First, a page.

Traditionally, Hallowe’en is part of a three-day festival called Hallowtide, which lasts beyond October 31st and on through All Saints’ & All Souls’ Days, on November 1st & 2nd respectively.
I have grumbled on occasion – including on this blog – about the increasing commercialization of Hallowe’en, but as an amateur folklorist I remain fascinated with the origins of the feast, in the pagan festival of Samhain, that celebrates the end of the harvest, and the beginning of winter and the new year. Many Hallowe’en traditions derive from these old beliefs, including (shudders) trick or treating.
I remember back in 1983, when I was nine, one of my friends at school, who had lived in the States, telling us about this custom he had encountered there, and we listened, thrilled and horrified, to tales (possibly exaggerated) of people who had refused to hand out treats, and had their doors smeared with excrement in response. Good grief, we thought, such things couldn’t happen here, where Hallowe’en consisted of a bit of dressing up, a few party games, and perhaps a spot of apple bobbing! The folklorist Christina Hole, writing in 1976, observes:
“In many parts of the country Hallowe’en is almost entirely neglected as a festival night…”
(Christina Hole, British Folk Customs)
But, sure enough, trick or treating became more and more popular in the UK in subsequent years, and the fact is, it does have its origins in British and Irish traditions. Christina Hole relates that:
“Hallowe’en was, and still is in some places, a time when mischievous pranks of many kinds are played and tolerated… young men, and sometimes young women as well… went about the parish in disguise, fantastically dressed, or wearing the clothes of the opposite sex, with their faces blackened by soot or covered by grotesque masks. They went… from house to house, collecting money or gifts of food…”
In parts of the North and Midlands of England, this is known as Mischief Night, which can be a pretty anarchic affair, according to Hole:
“Fireworks are let off in the streets; paint or whitewash is slapped on to doors or windows; door-knobs are smeared with treacle, and drainpipes are stuffed with smouldering paper…”
In my own county of Somerset, we have Punkie Night, after the lanterns, or “punkies”, carved out of turnips or swedes (not pumpkins), which are then put on posts, to ward off the evil spirits that are supposed to be abroad at Hallowe’en – though another story, connected with the villages of Hinton St George and Lopen, tells of local men who had visited Chiselborough fair, which was held every October 29th, and drank so much cider they couldn’t find their way back, so that their wives “…scooped out mangolds which were growing in the fields and, placing candles inside them, went out to guide their recalcitrant husbands home” (Kingsley Palmer, The Folklore of Somerset).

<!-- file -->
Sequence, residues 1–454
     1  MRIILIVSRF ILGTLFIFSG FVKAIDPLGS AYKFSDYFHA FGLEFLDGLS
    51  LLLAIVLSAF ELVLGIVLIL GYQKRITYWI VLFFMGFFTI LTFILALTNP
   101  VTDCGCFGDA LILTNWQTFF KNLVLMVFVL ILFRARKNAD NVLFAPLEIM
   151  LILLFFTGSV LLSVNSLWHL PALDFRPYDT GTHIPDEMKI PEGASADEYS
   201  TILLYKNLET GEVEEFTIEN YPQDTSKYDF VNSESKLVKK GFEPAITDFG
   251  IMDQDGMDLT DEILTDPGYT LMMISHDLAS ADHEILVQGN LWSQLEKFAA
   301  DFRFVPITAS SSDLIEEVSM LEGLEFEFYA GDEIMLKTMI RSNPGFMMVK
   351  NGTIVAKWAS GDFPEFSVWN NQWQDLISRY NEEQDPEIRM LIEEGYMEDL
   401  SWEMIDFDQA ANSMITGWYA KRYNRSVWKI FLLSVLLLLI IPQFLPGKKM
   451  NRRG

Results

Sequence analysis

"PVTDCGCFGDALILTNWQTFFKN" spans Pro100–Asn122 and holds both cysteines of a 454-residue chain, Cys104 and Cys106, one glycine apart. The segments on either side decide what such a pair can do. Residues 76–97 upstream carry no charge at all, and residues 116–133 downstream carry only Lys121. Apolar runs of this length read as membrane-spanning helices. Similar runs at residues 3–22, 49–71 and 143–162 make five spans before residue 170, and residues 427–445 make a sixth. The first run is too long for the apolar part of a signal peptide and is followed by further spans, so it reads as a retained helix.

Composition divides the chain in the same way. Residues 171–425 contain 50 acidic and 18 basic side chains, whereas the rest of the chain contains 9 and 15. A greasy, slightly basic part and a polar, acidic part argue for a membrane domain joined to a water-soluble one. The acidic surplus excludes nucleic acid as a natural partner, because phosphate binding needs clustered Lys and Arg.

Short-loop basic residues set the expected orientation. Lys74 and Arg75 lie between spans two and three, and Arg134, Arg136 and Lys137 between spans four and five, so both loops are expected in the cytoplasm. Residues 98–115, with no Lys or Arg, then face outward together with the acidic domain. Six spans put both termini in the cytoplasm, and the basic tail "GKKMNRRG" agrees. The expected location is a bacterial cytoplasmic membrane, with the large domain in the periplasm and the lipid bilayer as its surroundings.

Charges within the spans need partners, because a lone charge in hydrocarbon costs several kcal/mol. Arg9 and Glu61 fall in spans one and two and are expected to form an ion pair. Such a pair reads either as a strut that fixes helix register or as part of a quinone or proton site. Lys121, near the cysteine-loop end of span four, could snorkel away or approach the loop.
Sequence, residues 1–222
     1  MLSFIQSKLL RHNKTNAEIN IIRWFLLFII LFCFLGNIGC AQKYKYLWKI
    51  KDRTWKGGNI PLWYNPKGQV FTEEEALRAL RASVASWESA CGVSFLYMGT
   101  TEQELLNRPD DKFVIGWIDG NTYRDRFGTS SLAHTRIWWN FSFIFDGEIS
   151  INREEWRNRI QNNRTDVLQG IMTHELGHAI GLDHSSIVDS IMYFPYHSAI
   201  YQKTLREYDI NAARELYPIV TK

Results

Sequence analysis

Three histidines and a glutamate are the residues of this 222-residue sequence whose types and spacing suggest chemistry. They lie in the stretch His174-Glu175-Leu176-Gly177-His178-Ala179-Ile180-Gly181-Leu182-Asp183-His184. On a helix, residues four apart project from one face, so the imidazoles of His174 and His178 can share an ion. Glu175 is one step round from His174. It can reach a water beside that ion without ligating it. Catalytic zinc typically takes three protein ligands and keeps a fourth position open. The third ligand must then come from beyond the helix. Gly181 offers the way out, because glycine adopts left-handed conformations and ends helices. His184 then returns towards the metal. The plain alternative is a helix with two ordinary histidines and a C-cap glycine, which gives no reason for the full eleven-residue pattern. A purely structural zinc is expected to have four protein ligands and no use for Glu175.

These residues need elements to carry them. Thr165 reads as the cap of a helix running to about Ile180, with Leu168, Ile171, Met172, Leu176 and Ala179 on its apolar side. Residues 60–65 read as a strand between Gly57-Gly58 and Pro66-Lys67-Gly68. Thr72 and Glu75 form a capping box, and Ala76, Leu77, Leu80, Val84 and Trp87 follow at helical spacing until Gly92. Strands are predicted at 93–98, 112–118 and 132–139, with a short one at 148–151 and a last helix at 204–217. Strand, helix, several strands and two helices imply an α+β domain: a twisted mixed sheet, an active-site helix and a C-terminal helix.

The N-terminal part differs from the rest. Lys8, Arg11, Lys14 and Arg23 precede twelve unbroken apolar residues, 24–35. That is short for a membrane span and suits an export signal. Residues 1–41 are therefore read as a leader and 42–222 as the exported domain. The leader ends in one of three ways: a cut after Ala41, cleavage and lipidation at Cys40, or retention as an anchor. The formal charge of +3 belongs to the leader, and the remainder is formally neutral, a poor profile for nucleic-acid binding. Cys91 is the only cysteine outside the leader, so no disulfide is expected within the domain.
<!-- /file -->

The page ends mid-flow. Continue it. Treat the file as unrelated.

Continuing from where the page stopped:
This led to the tradition of local children, at the end of October, going around the streets after nightfall singing:
It’s Punkie Night tonight
It’s Punkie Night tonight
Give us a candle, give us a light
It’s Punkie Night tonight.
They ask for some money, and threaten a “fright” if no gift is given!
The old Hallowe’en fires are now lit on the 5th November – Bonfire Night – to commemorate the Gunpowder Plot of 1605, but until the late 1800’s it was at dusk on All Hallows’ Eve that they burned, to bless the land and people of the district, and to keep away witches, which the purifying flames were supposed to destroy (in Aberdeenshire, in Scotland, boys would beg for fuel for these fires with the words, “Gie’s a peat t’burn the witches!”).
Divination is also traditionally practised at Hallowe’en, and again this is often connected with the fear of evil – in Wales and Scotland, one ceremony involved marking a white stone and throwing it into the fire. If it was still there, and in one piece, the next day, then all would be well – but if it was cracked, or damaged, then its owner would die before the next Hallow Fire. In northern Lancashire, folk used to (and perhaps still do) perform a custom called Lating the Witches, where large candles are carried over the local hills between eleven o’clock and midnight. If your candle burns all the way, then you will be protected against witchcraft for the coming year – but if it goes out, bad luck will find you…
Other divination rites are somewhat less macabre, and involve searching out a future mate. For example, two nuts – one for a young man, the other for a young woman – are placed on the bars or in the embers of a fire, and if they burn quietly, then the couple will marry – but if they explode, or flare up, then the relationship will not last. Likewise, if you peel an apple, and throw the peel over your left shoulder at midnight on Hallowe’en, it will form the first letter of your future partner’s name as it lands.
I love all these stories, and I wish some of these customs, where they have died out, could be revived – but new ones, I suppose, will always emerge. But I think we should resist those who use Hallowe’en as just another excuse to wring cash out of people. It should be so much more than that.
Punkie Night, Hinton St George